Is there a correlation between buying a license to hunt deer and contracting COVID-19? Maybe the Centers for Disease Control and Prevention should check it out.
That’s a serious question, because the other night I added a word to my COVID-19 vocabulary: zoonosis — the spreading of disease between animals and humans. In the case of COVID-19, the virus can travel from humans to animals (wild and domesticated) and from animals to humans.
A web search of “coronavirus white-tailed deer” brings up news articles quoting scientific studies about the prevalence of the COVID-19 virus in white-tailed deer in Iowa, Ohio, Canada and elsewhere.
“Animals could potentially incubate and unleash new variants. Pet dogs and cats, deer and farm-raised mink are only a few of the animals vulnerable to the virus, which can potentially mutate within them and leap back to people,” an Associated Press article said this week.
According to an NBC News article from Jan. 2, “Widespread, sustained circulation of the virus in deer could represent a risk to people if mutations in deer create a new variant. A population of wild animals harboring the virus could also retain variants that are no longer circulating among humans now and allow them to return later.
“ ‘The sheer possibility that these things are happening and it’s unknown makes this very unsettling,’ said Suresh Kuchipudi, a virologist at Pennsylvania State University. ‘We could be caught by surprise with a completely different variant.’ ”
Tuesday, the AP reported that Hong Kong authorities will kill about 2,000 small animals, including hamsters, because several tested positive for the coronavirus at a pet store where an employee was infected.
This gives more evidence that SARS CoV-19 and its variants is a forever virus. Barring a revolutionary discovery in immunology, we will never eradicate this virus the way we did smallpox and polio. So how do we adapt?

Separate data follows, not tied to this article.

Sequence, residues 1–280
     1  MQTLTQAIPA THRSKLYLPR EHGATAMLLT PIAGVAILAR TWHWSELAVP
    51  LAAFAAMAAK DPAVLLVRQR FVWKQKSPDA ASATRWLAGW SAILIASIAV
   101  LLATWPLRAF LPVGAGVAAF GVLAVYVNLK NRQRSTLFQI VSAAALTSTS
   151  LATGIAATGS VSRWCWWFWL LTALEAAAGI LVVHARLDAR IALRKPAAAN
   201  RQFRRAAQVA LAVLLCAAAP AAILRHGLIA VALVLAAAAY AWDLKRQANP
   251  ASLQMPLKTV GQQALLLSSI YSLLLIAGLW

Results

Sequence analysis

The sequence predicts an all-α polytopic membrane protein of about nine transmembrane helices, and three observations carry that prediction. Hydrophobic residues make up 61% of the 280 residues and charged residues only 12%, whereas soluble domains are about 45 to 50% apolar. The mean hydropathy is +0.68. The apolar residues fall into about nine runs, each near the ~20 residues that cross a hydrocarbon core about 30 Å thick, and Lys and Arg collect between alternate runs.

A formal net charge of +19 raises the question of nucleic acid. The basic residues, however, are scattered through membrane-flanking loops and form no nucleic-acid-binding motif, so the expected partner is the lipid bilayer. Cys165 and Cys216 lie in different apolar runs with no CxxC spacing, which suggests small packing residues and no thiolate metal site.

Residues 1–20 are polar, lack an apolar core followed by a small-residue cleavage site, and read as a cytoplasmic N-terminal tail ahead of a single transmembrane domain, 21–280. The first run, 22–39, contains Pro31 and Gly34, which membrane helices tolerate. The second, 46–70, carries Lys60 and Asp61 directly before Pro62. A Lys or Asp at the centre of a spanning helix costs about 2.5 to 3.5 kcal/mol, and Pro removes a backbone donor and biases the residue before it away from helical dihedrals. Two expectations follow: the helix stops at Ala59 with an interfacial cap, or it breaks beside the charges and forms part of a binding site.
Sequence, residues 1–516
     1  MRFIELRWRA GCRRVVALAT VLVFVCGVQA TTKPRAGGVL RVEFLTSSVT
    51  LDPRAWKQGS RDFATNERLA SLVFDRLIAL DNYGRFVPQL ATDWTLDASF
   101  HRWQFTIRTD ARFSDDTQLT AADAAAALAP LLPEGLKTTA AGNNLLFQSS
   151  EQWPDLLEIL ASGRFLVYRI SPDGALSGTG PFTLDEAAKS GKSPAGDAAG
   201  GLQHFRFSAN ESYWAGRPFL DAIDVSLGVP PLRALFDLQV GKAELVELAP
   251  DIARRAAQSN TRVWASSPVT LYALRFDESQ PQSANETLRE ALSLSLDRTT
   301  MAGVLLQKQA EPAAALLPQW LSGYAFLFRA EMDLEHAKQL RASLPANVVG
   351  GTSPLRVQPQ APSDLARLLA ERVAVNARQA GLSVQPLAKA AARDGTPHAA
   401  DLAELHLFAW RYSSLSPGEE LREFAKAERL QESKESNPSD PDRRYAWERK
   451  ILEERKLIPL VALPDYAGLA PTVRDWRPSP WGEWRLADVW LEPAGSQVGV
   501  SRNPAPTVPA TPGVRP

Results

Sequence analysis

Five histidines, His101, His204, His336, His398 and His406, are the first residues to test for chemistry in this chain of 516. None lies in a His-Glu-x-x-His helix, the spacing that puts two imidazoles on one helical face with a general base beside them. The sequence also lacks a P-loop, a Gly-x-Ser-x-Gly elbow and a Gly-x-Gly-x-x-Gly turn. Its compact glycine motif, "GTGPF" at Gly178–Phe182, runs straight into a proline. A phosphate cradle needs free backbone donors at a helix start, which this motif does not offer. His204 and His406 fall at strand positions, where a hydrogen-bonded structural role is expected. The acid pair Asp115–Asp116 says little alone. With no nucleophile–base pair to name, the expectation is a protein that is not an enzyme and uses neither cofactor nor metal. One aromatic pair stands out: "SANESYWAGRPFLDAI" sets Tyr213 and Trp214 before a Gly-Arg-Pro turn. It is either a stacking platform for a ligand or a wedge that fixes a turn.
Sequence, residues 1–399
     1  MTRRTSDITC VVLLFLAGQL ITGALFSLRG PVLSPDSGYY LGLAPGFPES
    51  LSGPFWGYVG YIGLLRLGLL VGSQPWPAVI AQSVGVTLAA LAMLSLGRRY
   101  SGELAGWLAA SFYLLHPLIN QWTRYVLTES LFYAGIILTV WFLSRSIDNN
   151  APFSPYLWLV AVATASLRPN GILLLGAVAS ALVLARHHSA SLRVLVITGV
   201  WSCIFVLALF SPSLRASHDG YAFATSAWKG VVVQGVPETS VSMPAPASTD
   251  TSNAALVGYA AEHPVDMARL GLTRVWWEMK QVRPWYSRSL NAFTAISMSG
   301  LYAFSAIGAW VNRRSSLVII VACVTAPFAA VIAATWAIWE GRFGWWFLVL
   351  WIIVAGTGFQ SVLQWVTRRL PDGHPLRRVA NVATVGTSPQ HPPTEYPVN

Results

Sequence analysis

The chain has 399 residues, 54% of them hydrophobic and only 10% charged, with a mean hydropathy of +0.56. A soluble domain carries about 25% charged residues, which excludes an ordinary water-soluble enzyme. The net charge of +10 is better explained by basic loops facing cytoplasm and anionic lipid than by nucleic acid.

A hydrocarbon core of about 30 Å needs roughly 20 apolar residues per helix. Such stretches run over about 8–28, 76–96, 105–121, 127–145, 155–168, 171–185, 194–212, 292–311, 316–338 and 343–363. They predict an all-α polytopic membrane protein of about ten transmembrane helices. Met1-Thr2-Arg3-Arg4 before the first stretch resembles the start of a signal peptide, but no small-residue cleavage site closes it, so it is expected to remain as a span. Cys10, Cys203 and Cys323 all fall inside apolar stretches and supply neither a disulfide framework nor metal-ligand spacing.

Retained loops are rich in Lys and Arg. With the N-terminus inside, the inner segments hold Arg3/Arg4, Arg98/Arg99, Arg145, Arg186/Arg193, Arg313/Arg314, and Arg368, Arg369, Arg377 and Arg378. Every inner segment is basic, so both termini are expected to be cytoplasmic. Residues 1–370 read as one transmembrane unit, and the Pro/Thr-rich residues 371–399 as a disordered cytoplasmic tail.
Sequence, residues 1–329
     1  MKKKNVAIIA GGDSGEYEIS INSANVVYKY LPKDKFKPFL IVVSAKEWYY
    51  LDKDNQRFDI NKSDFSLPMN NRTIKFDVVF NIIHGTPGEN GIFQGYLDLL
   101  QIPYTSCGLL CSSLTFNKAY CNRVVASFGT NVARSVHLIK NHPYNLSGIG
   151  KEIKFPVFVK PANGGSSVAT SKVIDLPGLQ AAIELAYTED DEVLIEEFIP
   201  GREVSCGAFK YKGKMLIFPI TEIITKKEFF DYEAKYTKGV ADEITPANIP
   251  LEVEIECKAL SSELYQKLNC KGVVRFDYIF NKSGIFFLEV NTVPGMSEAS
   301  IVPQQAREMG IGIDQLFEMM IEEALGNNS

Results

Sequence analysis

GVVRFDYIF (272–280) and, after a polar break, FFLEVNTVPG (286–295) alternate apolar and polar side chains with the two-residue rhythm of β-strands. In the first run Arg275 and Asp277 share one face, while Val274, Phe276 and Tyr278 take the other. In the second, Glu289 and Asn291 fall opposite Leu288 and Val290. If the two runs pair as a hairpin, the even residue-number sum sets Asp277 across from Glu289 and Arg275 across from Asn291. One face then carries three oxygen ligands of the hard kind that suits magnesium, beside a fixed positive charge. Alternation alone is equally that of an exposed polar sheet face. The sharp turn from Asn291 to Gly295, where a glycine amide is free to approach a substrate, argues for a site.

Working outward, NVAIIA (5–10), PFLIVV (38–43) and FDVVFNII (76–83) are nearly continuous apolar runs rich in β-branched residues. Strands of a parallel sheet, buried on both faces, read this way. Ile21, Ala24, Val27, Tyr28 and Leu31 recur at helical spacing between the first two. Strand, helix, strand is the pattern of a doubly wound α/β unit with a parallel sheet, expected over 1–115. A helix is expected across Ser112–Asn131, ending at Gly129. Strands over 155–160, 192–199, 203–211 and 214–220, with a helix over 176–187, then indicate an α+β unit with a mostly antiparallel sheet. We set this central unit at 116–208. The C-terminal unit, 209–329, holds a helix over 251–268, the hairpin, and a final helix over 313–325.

Will people who diligently mask up now be forced to do so for the rest of their lives? Will deer hunters need training in proper handling of carcasses so they don’t enable transmission of a new variant?
When my neighbor’s dog, Dixie, comes over for some attention, should I keep her six feet away? Good luck with that. When my cat, Marco, climbs up on my chest as I relax in a recliner, should I put an N95 mask on her? Like that will happen.
So far the CDC is downplaying the likelihood of zoonotic transmission of the coronavirus, but other experts say it is possible. It makes me wonder if someone is hyping an unlikely threat or if someone is trying to prevent panic over a real one. Given how our knowledge of the coronavirus changes from week to week, it’s hard for a layman to know what to expect. It’s hard enough deciding who to believe about anything pertaining to the virus.
The words “could,” “potentially” and “possibility” in the articles quoted above provide a lot of wiggle room for experts wanting to warn without sounding an alarm. The problem is how people choose to interpret those words as they assess their own risk of contracting COVID-19. And now that I’ve done a web search, we’ll see if the next few days bring any clickbait headlines for me to peruse. The fact no such headlines have popped up during my time on the internet tells me the hazard doesn’t sell well just yet.
Is zoonotic transmission of COVID-19 a real public health threat? Who should we believe? As with everything else related to this virus, Daisy, Marco and I will just have to wait and see.